DEAR HARRIETTE: Recently, one of my so-called best friends took a vacation with another of our mutual friends and didn't tell me. I was hanging out with her the day before she went on vacation, and all she said was that she would be out of town for a few days and would catch up with me when she got back. Then I noticed on her Facebook page that she was somewhere on a beach with our other friend. That really hurt my feelings. I can't understand why she wouldn't tell me. I get that friends don't always have to do things together, but why would she keep it a secret from me? What can I say to her without seeming like a baby? -- Unfriended, Philadelphia
DEAR UNFRIENDED: The next time you see your friend, be ready to bring up the subject of the vacation. Do your best to be even-tempered. Start off by asking her how she enjoyed her vacation. Tell her you saw the pictures on Facebook, and it looked like she had a good time. Add that you were surprised to see that she had gone with your other friend and hadn't mentioned it to you. Ask her why she chose not to tell you.
Listen carefully to what she says. Then, be sure to tell her that it hurt your feelings to be excluded from the information. Let her know that you didn't necessarily expect to be invited but that you think of her as your best friend and find it hurtful that she would choose to not tell you.
Depending upon her answer, you will gain insight into how she perceives your friendship, including if she considers you to be as close to her as you thought you were. What will be important for you is to figure out where you stand. By listening carefully, you can do that.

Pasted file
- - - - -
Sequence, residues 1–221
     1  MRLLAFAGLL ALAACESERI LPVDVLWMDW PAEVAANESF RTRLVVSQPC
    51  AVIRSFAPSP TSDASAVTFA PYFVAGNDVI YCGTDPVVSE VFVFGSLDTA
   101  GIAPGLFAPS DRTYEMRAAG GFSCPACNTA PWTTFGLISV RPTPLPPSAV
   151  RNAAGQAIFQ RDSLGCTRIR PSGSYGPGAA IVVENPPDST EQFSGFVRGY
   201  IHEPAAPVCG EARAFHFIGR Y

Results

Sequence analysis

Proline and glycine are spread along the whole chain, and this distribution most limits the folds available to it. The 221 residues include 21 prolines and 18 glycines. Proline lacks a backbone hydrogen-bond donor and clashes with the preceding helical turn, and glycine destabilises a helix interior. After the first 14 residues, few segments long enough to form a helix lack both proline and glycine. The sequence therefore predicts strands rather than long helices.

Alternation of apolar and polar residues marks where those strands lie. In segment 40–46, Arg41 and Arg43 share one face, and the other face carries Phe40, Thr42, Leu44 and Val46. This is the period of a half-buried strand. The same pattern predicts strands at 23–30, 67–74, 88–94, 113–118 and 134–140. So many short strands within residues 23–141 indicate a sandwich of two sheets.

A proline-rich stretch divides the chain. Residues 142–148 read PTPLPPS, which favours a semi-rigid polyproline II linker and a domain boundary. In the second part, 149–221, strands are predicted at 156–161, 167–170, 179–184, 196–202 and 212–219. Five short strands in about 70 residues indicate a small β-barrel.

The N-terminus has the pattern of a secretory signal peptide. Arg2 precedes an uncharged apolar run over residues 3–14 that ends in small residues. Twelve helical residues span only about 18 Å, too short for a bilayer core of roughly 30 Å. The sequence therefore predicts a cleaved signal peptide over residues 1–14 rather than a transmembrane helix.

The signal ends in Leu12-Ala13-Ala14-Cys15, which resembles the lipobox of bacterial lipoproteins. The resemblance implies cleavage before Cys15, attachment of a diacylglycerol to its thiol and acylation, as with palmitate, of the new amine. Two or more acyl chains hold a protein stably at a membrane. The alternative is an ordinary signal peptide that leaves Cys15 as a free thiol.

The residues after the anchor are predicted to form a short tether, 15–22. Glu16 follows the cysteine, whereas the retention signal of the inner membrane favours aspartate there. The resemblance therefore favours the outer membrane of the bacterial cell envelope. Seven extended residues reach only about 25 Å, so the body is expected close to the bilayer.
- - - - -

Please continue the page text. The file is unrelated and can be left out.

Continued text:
DEAR HARRIETTE: In response to the church leadership person who had been hospitalized for two weeks without any of the other church leaders being aware of it, I wonder if perhaps the church member might have not wanted to be visited. If he had, someone in his family certainly could have called. When my husband was in the hospital he really didn't feel like having company. He told the hospital NOT to notify the church. His wishes were respected. -- Private, Chicago
DEAR PRIVATE: You make a good point. Many people wish to maintain privacy when they are ill and/or hospitalized. Managing privacy can be a challenge, especially for some in a leadership role in a church community.
I will add that many churches appoint a particular person to be aware of such situations, and that person keeps such information confidential when requested. In this way, if an individual or family needs support, it can be easily accessed because the lines of communication are already open.